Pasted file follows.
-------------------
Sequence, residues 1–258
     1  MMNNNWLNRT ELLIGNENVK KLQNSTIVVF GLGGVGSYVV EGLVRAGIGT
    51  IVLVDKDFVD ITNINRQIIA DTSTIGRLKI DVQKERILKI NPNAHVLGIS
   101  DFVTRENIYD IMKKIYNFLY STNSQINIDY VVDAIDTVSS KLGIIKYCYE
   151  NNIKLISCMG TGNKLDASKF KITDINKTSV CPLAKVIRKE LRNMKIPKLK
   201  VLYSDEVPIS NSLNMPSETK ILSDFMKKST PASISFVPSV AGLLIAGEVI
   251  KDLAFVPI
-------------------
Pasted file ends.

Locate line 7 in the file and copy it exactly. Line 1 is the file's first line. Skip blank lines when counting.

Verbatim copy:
   251  KDLAFVPI